There are several terms used in the draft beer industry that are valuable to understand as you begin serving draft beer. These terms can be broken down into two main categories: conceptual terms and hardware terms. Conceptual terms are the terms that are used in the industry to refer to the scientific concepts that dictate how the system actually functions. Hardware terms are the names of specific parts which comprise the draft beer system. It’s easy to get lost in the language of the draft beer industry, so here’s a handy guide you can refer back to in case you get confused.
Beer Line Glossary: Concepts
Here are seven of the main concepts which are part of the beer line system. It will be important for you to understand industry lingo and the concepts they represent in order to function in the draft beer world.
These first three concepts relate mostly to CO2 and its interaction with the keg.
Applied Pressure: the force required to push the beer from a keg through a beer line to the faucet. The greater the distance, the more pressure is required. However, over-pressurizing can lead to altering the quality of the beer. Blended gasses are sometimes required.
CO2: (carbon dioxide) a colorless, odorless, gas formed, among other things, by organic decomposition (fermentation). It is used to push the beer through the system.
CO2 Volume: a measurement of the amount of CO2 dissolved into a beer. Each Brewer provides a recipe which explains the specific amount of CO2 that should be applied to a keg of beer so that the characteristics of the beer remain intact.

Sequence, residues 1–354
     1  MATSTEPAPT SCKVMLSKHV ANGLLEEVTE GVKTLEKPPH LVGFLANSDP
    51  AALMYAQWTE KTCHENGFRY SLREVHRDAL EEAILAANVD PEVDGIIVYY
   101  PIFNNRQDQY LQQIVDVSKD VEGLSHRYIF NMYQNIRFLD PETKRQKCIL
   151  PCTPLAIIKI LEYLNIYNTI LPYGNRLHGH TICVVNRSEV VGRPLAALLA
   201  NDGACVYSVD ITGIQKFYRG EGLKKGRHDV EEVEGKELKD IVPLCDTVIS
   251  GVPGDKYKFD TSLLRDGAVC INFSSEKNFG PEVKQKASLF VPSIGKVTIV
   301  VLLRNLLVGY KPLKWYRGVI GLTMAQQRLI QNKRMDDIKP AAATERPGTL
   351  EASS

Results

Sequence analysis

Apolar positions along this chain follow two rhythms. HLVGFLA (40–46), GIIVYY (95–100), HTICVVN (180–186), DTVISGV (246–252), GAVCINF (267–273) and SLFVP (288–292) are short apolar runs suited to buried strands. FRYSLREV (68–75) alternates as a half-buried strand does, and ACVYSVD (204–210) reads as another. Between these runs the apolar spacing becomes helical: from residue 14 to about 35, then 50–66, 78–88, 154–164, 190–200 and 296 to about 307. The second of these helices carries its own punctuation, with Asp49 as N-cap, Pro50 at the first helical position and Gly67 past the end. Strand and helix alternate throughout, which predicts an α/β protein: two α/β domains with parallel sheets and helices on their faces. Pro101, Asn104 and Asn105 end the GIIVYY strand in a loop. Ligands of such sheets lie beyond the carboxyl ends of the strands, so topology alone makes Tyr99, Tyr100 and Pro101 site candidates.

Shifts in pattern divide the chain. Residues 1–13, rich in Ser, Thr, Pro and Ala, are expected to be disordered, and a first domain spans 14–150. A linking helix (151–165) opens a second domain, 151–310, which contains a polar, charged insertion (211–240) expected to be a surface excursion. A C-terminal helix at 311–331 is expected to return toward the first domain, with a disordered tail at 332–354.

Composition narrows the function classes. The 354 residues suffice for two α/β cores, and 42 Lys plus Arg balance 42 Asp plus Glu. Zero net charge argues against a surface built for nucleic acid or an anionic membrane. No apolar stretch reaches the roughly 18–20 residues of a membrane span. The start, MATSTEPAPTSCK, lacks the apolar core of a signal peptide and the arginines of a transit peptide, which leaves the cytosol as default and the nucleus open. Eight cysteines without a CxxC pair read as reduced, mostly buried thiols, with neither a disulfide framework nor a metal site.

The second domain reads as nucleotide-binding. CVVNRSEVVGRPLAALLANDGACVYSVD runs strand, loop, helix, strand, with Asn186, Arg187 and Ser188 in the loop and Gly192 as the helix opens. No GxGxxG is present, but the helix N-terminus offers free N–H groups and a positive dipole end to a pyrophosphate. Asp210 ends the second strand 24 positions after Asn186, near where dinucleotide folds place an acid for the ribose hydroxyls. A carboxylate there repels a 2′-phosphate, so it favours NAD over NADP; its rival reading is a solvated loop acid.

Beer Flow Concepts
These three concepts relate to what happens as the beer embarks on its journey from keg to faucet.
Flow Rate: the speed at which the beer flows through the faucet. Typically, two ounces per second or almost one gallon per minute is standard flow rate.
Restriction: any resistance beer encounters as it is pushed from keg to faucet. Relevant factors are type of beer, length of line, beer system components, etc.
Balance: this is achieved when restriction and applied pressure are equal and flow rate is at desired level.
Types of Draw
The last three concepts are categories of draw systems.
Direct Draw: a dispensing system that only requires a short jumper connection from the keg to tap.
Long Draw: a dispensing system longer than 50 feet which uses bundled barrier tubing and normally requires a blended gasses to avoid over-pressurization.
Short Draw: a dispensing system 50 feet or less in length which uses straight CO2 or mixed gasses if preferred, and uses refrigerated and air-cooled lines.
If you need more help understanding how beer line systems work, please contact us at Clean Beer, in Milford, MA. We can meet all your beer line needs, from installation to cleaning and maintenance. In addition to our services, we sell new and used beer line equipment, for your home or bar. Clean Beer is the home of the clean beer line experts, contact us about your home or commercial tap needs.